A Useful Woman Book Review
|Title:||A Useful Woman|
|No. of Pages:||368|
|Cover Price: Kindle||$15.00 Paperback, $9.99|
Love historical thrillers? The Rosalind Thorne Mystery series is set in Regency England when the manners and social status of the rich were set in stone. A Useful Woman is a perfect introduction to the series featuring Rosalind, whose father, a Baronet, disappears due to debt, and she is left disgraced, losing her high social status. A determined woman, she survives by handling the affairs of those in high social places. While waiting for her godmother at the famed and exclusive Almack’s social club, Rosalind discovers the body of Jasper Aimesworth, whose family is high society. Rosalind must investigate the murder while following the strict rules of English decorum, and at the same time interact with Devon Winterbottom (her love interest before her social fall) and a policeman who is below even her social status.
The setting and story is reminiscent of Anne Perry’s excellent Pitt series (Rosalind is a bit like Charlotte Pitt), and Wilde’s writing style is excellent; she seems to capture the writing style of the time period, which is a bit wordy, but makes the novel ring true.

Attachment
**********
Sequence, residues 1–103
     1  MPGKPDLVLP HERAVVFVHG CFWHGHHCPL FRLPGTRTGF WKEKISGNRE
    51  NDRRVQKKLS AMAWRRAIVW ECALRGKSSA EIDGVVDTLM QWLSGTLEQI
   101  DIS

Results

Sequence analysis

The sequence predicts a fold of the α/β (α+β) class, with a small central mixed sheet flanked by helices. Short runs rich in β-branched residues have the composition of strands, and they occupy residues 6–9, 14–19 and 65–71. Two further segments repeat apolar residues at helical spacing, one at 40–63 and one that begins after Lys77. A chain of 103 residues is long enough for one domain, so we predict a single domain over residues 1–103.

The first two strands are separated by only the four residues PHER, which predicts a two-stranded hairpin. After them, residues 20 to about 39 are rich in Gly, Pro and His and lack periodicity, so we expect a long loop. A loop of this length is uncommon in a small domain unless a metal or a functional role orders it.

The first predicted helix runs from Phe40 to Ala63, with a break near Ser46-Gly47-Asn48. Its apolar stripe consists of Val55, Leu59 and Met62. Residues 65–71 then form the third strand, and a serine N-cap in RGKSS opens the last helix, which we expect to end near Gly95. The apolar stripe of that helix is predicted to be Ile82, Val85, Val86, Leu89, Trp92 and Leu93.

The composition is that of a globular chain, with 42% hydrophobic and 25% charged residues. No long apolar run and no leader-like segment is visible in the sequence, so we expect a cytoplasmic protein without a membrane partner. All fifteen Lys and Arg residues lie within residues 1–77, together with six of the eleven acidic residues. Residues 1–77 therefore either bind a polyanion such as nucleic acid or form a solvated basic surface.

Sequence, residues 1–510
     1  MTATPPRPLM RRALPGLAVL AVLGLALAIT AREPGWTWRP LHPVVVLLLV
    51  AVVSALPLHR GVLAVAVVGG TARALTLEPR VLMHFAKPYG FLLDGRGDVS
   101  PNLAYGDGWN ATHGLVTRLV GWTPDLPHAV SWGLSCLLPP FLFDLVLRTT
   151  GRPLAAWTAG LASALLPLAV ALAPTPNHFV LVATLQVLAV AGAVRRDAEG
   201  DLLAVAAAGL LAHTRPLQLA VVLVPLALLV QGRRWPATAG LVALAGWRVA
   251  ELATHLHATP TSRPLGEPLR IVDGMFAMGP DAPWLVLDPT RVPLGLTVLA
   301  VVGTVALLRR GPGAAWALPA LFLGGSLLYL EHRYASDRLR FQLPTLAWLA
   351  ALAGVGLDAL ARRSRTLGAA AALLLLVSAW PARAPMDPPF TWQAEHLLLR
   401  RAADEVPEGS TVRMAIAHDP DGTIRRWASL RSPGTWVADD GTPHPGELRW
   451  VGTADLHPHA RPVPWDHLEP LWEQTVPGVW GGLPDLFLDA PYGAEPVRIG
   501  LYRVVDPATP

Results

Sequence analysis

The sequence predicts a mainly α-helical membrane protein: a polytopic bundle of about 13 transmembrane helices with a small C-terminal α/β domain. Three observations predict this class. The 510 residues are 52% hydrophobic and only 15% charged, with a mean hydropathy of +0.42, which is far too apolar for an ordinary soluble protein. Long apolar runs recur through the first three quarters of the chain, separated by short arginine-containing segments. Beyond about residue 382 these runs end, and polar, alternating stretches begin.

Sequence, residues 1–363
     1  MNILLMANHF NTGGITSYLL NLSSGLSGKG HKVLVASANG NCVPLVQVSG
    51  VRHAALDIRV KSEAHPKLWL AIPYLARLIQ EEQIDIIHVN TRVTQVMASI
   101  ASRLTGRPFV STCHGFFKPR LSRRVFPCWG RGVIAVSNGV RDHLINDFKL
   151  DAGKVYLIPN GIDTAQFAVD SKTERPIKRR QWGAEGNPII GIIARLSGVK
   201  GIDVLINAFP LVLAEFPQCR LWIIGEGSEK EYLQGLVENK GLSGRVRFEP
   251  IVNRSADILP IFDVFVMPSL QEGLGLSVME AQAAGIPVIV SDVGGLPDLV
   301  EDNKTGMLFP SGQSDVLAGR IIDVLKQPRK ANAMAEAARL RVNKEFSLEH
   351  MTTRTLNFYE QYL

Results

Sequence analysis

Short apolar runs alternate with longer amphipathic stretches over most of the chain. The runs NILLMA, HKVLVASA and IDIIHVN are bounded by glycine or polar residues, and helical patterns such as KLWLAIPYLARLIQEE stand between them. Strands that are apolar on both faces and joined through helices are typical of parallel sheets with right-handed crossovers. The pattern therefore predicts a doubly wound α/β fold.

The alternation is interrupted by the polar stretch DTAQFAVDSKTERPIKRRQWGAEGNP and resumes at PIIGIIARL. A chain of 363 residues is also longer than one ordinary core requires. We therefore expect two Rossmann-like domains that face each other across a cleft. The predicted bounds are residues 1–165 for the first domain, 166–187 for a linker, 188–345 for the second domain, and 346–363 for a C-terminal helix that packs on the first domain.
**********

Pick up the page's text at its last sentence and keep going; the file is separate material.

While not a fast read (novels from that time period aren’t), it is a good read. Wilde has a way of capturing the charm of England, exposing the shallowness of the social mores of the day, and telling an excellent story. This novel is suspenseful and fascinating. Highly recommended for historical novel junkies.
Special thanks to NetGalley for supplying a review copy of this novel.
This book may be purchased at Amazon:
A Useful Woman (Rosalind Thorne Mystery, A), Paperback
A Useful Woman (Rosalind Thorne Mystery, A), Kindle
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